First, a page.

Google’s Project Zero team is well-known for revealing the bugs and security flaws within systems from Google itself, as well as other big companies. Most recently, the team at Google has reported and publicly disclosed a “high severity” flaw in the macOS kernel which can grant an attacker access to a users computer without their knowledge.
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Detailed on the Chromium bug tracker, via Neowin, Google explains the flaw in Apple’s macOS kernel. Apparently, security researchers discovered that if a modification is made to a user-owned mounted filesystem image, the virtual management system isn’t notified of those changes. Thus, an attacker can potentially be granted access to perform malicious actions on that mounted filesystem without the end user ever knowing about it until it’s too late.
Apparently, Google first disclosed this flaw to Apple back in November of 2018. However, since 90 days have since passed and the company has yet to issue a patch, the flaw has been publicly disclosed. Google has labeled the issue as “high severity,” meaning its impact could be fairly large.
Thankfully, Apple has since acknowledged the issue and has started working with Google’s Project Zero on a fix (Apple regularly credits Google for fixes in release notes). Apple intends to patch the issue in a future macOS release, but no timeline is available on that just yet. Google provides a proof-of-concept example on the bug tracker page, as well as the in-depth explanation below.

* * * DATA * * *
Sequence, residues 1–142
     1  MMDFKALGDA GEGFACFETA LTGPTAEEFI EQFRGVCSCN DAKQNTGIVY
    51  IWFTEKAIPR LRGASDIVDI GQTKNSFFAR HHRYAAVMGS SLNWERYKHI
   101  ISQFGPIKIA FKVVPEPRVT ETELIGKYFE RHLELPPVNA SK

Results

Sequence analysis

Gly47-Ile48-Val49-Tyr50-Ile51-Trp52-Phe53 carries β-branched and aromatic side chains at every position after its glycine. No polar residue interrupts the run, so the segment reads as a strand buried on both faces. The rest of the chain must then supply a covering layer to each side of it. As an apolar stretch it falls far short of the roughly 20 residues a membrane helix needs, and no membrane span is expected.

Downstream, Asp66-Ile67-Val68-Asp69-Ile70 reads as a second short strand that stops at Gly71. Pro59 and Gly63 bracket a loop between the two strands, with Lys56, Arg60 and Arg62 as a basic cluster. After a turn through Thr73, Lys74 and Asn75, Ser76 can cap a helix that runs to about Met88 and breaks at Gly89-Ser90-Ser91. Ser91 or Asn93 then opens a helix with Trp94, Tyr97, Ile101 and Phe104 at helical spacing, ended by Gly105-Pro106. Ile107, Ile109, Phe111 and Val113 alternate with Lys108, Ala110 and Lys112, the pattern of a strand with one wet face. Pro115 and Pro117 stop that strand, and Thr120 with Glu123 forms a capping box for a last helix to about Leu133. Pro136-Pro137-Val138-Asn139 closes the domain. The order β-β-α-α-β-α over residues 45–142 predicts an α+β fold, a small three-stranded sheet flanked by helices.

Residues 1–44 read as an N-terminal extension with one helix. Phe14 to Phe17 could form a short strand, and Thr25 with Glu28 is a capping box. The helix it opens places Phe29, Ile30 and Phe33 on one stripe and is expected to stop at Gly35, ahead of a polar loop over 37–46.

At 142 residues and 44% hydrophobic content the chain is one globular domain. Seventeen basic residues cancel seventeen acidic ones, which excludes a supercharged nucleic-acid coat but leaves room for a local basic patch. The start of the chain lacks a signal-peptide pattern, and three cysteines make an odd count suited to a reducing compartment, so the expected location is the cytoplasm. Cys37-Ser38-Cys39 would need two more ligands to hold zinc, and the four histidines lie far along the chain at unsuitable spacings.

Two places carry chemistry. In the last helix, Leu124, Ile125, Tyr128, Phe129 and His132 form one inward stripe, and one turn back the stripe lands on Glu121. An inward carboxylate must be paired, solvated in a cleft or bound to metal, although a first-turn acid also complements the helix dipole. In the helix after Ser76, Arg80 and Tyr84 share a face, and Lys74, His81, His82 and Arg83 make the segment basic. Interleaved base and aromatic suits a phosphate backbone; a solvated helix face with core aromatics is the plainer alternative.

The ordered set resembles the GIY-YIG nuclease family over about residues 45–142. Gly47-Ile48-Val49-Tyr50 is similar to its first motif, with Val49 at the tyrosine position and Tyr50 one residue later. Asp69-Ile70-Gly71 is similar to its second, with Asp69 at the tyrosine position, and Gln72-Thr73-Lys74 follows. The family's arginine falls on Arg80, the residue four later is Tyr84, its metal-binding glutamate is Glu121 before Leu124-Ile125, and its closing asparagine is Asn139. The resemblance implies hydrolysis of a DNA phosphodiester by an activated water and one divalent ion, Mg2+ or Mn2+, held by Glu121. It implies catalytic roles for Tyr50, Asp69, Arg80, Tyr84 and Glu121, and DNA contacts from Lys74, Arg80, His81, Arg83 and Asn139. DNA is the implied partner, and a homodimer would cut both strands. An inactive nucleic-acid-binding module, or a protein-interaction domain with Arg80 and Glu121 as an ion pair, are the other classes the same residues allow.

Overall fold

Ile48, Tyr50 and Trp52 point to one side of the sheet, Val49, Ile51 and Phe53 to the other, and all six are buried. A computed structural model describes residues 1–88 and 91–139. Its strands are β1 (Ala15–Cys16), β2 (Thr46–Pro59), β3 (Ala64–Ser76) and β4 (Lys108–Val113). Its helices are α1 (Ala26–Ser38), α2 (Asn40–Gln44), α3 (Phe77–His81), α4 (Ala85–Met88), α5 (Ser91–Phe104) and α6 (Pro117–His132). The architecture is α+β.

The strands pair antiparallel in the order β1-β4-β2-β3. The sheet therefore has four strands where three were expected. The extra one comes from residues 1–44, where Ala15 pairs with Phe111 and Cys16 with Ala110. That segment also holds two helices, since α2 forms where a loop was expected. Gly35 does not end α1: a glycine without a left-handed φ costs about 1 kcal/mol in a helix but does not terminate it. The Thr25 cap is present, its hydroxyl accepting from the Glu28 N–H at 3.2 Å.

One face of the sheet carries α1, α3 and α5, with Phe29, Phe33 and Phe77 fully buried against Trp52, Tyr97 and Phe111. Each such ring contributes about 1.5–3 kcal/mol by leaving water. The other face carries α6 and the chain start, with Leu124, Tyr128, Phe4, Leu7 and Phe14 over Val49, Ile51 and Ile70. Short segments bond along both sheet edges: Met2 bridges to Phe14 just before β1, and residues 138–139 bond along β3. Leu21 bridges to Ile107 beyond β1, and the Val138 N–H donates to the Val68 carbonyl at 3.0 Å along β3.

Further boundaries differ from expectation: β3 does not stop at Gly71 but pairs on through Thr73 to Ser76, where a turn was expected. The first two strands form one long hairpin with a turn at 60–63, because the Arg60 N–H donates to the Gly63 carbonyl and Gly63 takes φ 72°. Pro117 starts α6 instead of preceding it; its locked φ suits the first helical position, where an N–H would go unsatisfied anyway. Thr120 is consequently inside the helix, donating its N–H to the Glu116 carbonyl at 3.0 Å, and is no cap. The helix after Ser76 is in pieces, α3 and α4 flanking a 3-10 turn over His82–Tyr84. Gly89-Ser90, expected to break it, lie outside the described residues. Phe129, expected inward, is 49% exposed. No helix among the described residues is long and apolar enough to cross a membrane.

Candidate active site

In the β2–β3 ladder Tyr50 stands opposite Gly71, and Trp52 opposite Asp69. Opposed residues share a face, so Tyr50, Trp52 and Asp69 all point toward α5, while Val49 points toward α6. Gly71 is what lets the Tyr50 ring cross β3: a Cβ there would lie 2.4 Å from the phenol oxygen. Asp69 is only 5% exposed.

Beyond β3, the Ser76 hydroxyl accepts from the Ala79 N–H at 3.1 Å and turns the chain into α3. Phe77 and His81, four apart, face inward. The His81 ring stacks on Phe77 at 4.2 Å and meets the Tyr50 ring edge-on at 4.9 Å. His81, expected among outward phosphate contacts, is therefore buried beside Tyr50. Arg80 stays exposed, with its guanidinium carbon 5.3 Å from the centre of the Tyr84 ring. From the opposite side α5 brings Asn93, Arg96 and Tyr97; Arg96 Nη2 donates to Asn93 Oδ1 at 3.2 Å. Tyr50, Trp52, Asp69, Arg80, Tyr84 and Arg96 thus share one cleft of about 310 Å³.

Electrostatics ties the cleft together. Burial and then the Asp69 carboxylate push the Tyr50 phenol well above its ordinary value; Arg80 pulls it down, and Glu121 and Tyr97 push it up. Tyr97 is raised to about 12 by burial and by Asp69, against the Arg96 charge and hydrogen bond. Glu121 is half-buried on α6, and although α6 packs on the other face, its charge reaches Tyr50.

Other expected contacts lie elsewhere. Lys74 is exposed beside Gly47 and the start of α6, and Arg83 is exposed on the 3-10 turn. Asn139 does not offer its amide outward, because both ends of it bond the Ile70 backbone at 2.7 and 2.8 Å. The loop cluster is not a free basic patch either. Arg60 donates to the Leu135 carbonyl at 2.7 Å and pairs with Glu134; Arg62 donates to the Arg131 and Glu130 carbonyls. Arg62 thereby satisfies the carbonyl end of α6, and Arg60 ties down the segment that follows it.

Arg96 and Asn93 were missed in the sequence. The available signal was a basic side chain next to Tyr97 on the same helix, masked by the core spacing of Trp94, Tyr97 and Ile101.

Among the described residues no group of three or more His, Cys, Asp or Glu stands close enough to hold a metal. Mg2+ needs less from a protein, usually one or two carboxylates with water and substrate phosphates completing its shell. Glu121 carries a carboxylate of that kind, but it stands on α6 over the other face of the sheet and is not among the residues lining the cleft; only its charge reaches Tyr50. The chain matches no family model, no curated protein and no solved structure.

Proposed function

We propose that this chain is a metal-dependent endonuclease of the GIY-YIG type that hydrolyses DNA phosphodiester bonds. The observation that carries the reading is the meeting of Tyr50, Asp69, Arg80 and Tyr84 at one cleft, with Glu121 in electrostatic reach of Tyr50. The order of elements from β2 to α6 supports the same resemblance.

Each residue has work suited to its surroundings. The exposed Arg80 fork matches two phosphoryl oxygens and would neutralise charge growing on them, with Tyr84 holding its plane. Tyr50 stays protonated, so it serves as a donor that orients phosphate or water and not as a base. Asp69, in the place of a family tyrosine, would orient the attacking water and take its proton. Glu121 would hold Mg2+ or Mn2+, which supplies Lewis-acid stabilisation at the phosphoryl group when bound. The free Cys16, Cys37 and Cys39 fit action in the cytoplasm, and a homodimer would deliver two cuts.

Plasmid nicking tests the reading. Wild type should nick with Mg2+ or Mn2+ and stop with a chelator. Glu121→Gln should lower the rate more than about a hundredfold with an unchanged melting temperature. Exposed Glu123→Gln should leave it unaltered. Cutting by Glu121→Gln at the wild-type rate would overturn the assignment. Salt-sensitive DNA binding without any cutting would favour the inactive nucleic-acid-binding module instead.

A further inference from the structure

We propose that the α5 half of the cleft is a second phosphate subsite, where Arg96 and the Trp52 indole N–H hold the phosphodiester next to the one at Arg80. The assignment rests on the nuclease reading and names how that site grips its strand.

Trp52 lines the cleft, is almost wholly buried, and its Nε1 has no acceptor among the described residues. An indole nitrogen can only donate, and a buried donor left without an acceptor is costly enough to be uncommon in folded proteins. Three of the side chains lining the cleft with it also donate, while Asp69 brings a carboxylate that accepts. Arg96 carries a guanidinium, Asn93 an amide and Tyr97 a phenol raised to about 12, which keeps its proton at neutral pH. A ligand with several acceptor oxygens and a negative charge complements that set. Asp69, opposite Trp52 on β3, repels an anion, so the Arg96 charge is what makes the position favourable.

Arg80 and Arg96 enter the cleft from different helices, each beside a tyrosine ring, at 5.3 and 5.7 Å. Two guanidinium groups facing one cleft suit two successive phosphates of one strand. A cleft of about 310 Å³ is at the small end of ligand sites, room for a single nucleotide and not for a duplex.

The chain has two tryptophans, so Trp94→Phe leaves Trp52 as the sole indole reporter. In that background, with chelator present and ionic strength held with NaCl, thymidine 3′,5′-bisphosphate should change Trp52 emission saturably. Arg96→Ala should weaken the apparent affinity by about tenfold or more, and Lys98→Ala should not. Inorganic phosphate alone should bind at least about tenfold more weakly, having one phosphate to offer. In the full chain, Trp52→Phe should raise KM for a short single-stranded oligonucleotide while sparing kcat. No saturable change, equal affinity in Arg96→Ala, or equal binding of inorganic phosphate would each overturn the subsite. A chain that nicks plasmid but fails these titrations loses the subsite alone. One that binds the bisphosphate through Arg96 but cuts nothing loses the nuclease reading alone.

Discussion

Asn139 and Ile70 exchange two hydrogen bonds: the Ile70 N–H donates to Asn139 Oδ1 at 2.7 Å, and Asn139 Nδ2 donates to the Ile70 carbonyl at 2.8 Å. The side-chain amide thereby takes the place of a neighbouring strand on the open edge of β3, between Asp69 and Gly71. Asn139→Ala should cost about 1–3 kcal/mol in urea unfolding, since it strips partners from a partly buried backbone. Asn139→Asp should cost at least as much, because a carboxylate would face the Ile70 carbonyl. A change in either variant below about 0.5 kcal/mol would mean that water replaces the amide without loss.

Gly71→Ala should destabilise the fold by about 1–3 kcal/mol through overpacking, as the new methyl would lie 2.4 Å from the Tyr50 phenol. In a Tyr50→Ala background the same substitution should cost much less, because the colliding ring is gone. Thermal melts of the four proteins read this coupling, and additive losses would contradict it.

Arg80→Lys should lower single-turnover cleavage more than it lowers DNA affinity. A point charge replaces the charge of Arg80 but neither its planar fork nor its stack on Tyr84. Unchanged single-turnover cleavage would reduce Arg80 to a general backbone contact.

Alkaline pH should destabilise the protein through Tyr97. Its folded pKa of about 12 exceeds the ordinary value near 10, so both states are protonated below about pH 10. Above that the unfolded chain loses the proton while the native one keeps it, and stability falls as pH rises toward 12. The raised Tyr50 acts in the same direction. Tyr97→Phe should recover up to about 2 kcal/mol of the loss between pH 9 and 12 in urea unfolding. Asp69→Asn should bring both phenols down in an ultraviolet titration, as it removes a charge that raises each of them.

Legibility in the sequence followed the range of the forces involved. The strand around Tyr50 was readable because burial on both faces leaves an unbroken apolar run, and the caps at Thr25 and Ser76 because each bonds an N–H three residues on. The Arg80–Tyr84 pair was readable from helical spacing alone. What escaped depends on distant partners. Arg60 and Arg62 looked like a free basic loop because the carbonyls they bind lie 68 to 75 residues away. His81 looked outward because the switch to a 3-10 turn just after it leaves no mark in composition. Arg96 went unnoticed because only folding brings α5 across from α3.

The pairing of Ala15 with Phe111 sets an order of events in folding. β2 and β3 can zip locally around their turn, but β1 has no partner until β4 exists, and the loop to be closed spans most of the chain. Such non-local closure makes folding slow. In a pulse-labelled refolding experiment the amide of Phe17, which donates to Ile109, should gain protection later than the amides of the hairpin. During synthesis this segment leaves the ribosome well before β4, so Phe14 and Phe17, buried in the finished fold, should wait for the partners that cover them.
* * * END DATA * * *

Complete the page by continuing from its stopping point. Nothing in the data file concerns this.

XNU has various interfaces that permit creating copy-on-write copies of data between processes, including out-of-line message descriptors in mach messages. It is important that the copied memory is protected against later modifications by the source process; otherwise, the source process might be able to exploit double-reads in the destination process.
This copy-on-write behavior works not only with anonymous memory, but also with file mappings. This means that, after the destination process has started reading from the transferred memory area, memory pressure can cause the pages holding the transferred memory to be evicted from the page cache. Later, when the evicted pages are needed again, they can be reloaded from the backing filesystem.
This means that if an attacker can mutate an on-disk file without informing the virtual management subsystem, this is a security bug. MacOS permits normal users to mount filesystem images. When a mounted filesystem image is mutated directly (e.g. by calling pwrite() on the filesystem image), this information is not propagated into the mounted filesystem.